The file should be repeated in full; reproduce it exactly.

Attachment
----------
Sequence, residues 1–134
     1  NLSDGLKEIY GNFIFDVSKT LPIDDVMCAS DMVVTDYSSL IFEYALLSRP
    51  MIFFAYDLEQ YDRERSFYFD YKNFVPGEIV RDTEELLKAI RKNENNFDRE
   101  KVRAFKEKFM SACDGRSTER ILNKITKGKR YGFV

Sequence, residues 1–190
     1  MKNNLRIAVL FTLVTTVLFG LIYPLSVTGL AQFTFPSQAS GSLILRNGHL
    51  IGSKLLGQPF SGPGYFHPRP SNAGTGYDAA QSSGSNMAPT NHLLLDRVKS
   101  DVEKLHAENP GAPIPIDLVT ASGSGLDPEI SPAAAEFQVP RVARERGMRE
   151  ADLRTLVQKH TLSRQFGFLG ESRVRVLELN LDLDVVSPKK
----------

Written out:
Sequence, residues 1–134
     1  NLSDGLKEIY GNFIFDVSKT LPIDDVMCAS DMVVTDYSSL IFEYALLSRP
    51  MIFFAYDLEQ YDRERSFYFD YKNFVPGEIV RDTEELLKAI RKNENNFDRE
   101  KVRAFKEKFM SACDGRSTER ILNKITKGKR YGFV

Sequence, residues 1–190
     1  MKNNLRIAVL FTLVTTVLFG LIYPLSVTGL AQFTFPSQAS GSLILRNGHL
    51  IGSKLLGQPF SGPGYFHPRP SNAGTGYDAA QSSGSNMAPT NHLLLDRVKS
   101  DVEKLHAENP GAPIPIDLVT ASGSGLDPEI SPAAAEFQVP RVARERGMRE
   151  ADLRTLVQKH TLSRQFGFLG ESRVRVLELN LDLDVVSPKK